Chaos on the course as cruising division is hit with 30 knot gusts in Geelong

The cruising and multihull divisions provided the best action shots from the penultimate day of racing at the Festival of Sails presented by Rex Gorell Land Rover.

Gusty WSW winds of 30 plus knots and a choppy sea-state provided plenty of heart-stopping moments when some in the fleet started getting the ‘death wobbles’. Some of those wobbles were corrected, others ended badly.

A crew member found himself on the wrong side of Steve Copley’s Primo, falling overboard in bumpy seas in the early part of their passage race near the entrance to the Hopetoun channel. He was retrieved by a support vessel and put back aboard the Beneteau First 36.7. His crew was eager to continue racing in Cruiser/Racer division 2, and took off to catch up with the rest of the fleet as soon as the dripping wet sailor was back on deck.

Crew aboard the more balanced in the fleet looked on as the dominos fell during the more powerful gusts.

Winner of Club Marine Cruising Spinnaker division 2 and the series, Windsong of Mornington, thrived on the heavy breeze.

“It was good, strong winds which suits a boat such as ours. All the ducks were lined up perfectly for us,” Mornington Peninsula based skipper Jim Watson said. “It did become very windy and I was looking around at the fleet and wondering who was going to lose a rig. It was really good for us; it blew cobwebs out of the boat.”

Watson, who has contested four Festival of Sails, said a lot of fun was had on his Hunter 410 over the weekend. “There are no stories I can repeat,” he laughed. “I am 68, we’ve got a 79-year-old and a couple of 60s as crew. Tough and tenacious is how you would describe us. We’ve done lots of voyages together.”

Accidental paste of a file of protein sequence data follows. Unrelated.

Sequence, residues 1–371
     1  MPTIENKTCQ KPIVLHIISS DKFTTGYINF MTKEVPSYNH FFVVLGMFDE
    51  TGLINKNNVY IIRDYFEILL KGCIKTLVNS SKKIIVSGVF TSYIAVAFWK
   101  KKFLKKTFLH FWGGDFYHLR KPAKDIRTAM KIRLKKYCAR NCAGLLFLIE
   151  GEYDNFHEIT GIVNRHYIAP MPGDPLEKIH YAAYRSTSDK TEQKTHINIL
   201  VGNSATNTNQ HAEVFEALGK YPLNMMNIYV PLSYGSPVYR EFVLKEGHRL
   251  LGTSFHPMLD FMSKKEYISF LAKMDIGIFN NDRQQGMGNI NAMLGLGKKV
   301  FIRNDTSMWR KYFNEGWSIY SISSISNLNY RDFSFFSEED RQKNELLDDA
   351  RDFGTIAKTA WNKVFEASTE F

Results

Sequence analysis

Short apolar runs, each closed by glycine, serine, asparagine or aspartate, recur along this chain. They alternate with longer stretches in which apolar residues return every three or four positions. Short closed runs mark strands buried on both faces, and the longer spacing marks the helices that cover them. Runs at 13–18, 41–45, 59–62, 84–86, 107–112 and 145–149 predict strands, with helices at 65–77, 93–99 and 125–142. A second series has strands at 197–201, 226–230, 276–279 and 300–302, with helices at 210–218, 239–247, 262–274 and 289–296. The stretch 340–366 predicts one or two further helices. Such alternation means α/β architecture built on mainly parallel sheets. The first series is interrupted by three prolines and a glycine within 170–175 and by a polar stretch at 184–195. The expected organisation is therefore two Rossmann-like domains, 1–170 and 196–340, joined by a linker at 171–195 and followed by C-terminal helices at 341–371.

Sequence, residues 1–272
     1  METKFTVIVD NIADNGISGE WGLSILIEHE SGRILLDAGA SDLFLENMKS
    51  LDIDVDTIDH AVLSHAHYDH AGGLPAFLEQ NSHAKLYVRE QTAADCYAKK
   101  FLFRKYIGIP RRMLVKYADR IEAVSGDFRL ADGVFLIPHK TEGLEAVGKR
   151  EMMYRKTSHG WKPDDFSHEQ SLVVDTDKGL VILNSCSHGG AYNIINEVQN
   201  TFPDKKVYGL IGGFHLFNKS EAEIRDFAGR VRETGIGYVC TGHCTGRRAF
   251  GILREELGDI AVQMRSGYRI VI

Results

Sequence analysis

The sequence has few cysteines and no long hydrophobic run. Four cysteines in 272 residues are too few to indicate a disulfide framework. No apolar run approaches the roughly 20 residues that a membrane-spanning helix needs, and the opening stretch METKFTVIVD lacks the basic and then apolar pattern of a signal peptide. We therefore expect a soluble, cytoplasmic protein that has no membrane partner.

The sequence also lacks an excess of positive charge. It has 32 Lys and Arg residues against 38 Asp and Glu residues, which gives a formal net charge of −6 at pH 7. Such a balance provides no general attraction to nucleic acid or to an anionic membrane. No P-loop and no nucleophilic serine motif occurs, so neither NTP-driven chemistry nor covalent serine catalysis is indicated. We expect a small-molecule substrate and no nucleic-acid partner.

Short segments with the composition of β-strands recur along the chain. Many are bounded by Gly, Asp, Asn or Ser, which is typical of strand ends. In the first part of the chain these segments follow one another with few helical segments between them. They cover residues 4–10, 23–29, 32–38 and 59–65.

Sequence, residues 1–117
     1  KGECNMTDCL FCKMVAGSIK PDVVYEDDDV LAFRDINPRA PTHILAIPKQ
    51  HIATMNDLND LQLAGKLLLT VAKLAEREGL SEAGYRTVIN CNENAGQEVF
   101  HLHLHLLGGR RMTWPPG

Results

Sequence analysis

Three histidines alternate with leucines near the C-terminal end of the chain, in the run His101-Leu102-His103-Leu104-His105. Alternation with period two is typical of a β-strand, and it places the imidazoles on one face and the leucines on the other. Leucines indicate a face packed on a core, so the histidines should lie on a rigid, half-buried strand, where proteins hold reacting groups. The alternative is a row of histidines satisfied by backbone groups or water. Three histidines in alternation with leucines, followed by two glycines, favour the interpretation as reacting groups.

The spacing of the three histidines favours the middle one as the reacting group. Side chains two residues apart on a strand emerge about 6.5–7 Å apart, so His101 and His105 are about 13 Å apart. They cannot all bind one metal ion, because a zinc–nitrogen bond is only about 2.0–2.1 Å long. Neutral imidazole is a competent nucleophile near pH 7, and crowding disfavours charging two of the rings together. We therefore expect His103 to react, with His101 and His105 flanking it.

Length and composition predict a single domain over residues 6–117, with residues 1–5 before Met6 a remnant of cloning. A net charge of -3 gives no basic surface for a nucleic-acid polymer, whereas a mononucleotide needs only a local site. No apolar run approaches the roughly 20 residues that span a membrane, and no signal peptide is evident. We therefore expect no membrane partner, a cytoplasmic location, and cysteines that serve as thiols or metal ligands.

John Raff’s 53 footer Kate rolled in second in today’s shortened passage race and was triumphant in the overall Cruising Spinnaker division 1 series, finishing with a tally of 17 points. It was a tight margin between Kate and Mark Bulcha’s Dufour 44 Balance, just two points the difference. A retired CEO of a pharmaceutical company, Raff was delighted his team of 12 combined forces over their three-day series to pull off the series win giving the five-time Festival entrant a special feeling given the boat is named after his daughter.

“It was a blinder coming down from Melbourne in the passage race and we did better today in heavy winds. Our top boat speed was 10.2 knots and the top wind we saw was 35 knots,” Raff said.

He and his crew watched the mayhem around them but finished without damage, all the more reason to celebrate on the eve of Australia Day. “We partied hard the first night, Friday, last night we lost energy and if we hold our position tonight that will be really good,” he said.

William Newman’s Henry Morgan 31 design, Maatsuyker, took first in Club Marine Cruising Spinnaker division 3, scoring 19 points after three races.

The Geelong Travel Cruising Non-Spinnaker division was taken out by James Cook’s North Encounter, on six points.

Dave Ruffin steered his nine year old catamaran Kavala to success, winning the Hardy’s Multihull series on three points. 

“It’s been quite an achievement. Even though there’s only three boats in our division, a win’s a win,” he said. “Credit to all my crew, it was an incredible effort. It was tough today; hard to stay safe and manage the sails.”

The Sportscar Syndicate owned Thompson 980 called Sportscar beat 30 boats to be the top Cruiser/Racer division 1 finisher on 19 points while Grant Hailes’ Arabelle stole the show in division 2, two points separating them from second place. 

The forecast for Australia Day is light south-westerly winds and temperatures between up to 21 during the day.

Full progressive & final results here.

Laura McKee – Festival of Sails Media

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